An interesting thing happened in Gloamwood, which perhaps I should have seen coming. Where rifts in the Silverwood (the starter zone) were zerged by players (which was great fun), practically no one is touching the rifts in Gloamwood at all, at least not on my shard (Quicksilver).
I’d like to do these rifts, but not on my own. This means that I have to settle with footholds (doable because the enemies rotating the wardstone are not linked when you tag them) and then there’s quests. This, together with the fact that Gloamwood looks a bit too dark and gloomy for my taste, means that the game is suddenly not as cool as it was to begin with.
I fear that the rifts will only be zerged by players in Silverwood (the starter zone) and whatever the zone is for level cap (level 50) as more and more players reach it. This could probably even be shown as a graph with a big bump in the start and end of it, together with a “flat valley” in the middle. Since I don’t have the exact numbers, I’ll leave it up to someone else to draw it (fat chance).
I too have been pretty annoyed by the fact that low-level mobs can one- or two-shot me off my 60% mount in Rift. I then read a few complaints at the official forum to see if this improves with faster mounts. Supposedly the 60% is deliberately fragile and the faster ones can take a beating. I’m not sure yet, however. Some claim it’s exactly the same (which is not acceptable) while others claim it does indeed get a lot better. Guess I’ll have to see myself when I get them.
Nevertheless, it got me thinking and I have an idea I actually think is pretty good if I may say so myself. One of the points of being pummeled and thrown off the mount is to make sure the players actually use the roads. Fair enough. Here is what I propose then:
All roads in the zones automatically give you a temporary buff when you enter one. The buff makes your mount a lot sturdier while riding on the road (it gets more “confident” because of the clear view of the road). While on the road, enemies will have a harder time throwing you off. As soon as you leave the road to ride through an enemy territory, the temporary buff is gone.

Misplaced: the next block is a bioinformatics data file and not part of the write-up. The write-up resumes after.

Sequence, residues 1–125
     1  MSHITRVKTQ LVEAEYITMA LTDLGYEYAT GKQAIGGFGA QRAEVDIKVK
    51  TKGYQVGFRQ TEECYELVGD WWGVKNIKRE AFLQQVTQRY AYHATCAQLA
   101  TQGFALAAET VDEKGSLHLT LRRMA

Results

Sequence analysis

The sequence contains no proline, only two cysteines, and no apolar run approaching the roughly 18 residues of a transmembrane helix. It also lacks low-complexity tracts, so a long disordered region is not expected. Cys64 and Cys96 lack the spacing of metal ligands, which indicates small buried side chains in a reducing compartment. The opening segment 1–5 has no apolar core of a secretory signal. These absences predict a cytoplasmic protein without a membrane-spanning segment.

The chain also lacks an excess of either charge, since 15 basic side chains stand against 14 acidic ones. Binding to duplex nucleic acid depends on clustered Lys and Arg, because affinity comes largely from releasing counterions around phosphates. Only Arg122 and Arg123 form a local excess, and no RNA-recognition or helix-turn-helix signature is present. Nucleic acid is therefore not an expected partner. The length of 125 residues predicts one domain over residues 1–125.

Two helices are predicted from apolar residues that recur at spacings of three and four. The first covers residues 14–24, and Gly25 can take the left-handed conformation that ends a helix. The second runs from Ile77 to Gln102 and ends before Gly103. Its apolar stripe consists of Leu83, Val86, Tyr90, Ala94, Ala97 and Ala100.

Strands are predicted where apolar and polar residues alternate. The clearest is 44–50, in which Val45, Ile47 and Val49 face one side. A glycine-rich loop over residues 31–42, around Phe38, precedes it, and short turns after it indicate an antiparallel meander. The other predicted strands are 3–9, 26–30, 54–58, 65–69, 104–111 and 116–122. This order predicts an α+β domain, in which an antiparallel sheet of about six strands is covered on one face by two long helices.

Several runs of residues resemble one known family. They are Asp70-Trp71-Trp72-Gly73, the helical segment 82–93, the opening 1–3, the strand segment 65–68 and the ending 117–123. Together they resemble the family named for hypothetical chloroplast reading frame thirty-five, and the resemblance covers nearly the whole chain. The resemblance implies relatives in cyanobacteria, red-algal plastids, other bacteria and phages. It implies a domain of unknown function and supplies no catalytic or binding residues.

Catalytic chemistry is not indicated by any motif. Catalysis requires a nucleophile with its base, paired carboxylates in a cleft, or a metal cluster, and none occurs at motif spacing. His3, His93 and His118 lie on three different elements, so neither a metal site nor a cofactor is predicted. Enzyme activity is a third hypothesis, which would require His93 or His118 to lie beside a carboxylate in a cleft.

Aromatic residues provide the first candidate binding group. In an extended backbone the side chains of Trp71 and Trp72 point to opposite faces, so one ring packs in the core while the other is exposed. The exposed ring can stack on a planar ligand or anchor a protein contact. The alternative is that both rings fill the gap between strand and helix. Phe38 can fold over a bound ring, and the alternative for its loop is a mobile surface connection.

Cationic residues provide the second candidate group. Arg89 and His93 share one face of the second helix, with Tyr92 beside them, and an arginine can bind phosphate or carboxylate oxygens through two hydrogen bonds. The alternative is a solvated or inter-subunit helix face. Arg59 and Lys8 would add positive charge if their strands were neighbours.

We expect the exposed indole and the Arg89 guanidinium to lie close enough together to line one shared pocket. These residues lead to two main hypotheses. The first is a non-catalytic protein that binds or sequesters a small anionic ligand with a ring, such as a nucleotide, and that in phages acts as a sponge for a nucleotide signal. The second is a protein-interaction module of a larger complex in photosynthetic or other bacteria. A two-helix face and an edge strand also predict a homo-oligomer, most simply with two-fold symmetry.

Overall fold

In a previous post I claimed that Freemarch (starter zone for Defiants in Rift) looks a lot like Australia. Maybe I’m just lying on my back spotting clouds looking like rabbits and I actually have no case. But still, I think it’s funny how many similarities there are. Allow me to demonstrate:
When I bought the box and unfolded the big map poster, I immediately thought Freemarch looked like Australia. Am I crazy? Out of my mind? Perhaps the world designers didn’t even mean to do it but still did it subconsciously. If it turns out that I was right all along, another question pops up – are there any other parts of the continent that was inspired by Planet Earth?
I hit level 18 in Rift yesterday and uncovered all of Silverwood. I even took a ride on the top of the mountains at the north and west edges and found two small rockeries with a green item in each. It’s really great that you can get to these places and that you can walk on pretty steep cliff sides.
Also, walking around on these mountains and overlooking two zones from there, it occurred to me that the 3D engine is probably ready for flying mounts sometime in the future. I wouldn’t be surprised if Trion Worlds made sure of that and have it somewhere on their list of things to do.
I noted in the previous post that I only saw daytime and was wondering if nighttime ever occurred. Well, I have seen both since then. Nighttime is more akin to World of Warcraft than Lord of the Rings Online, i.e. the landscape gets a bluish tint but you can still see most of everything.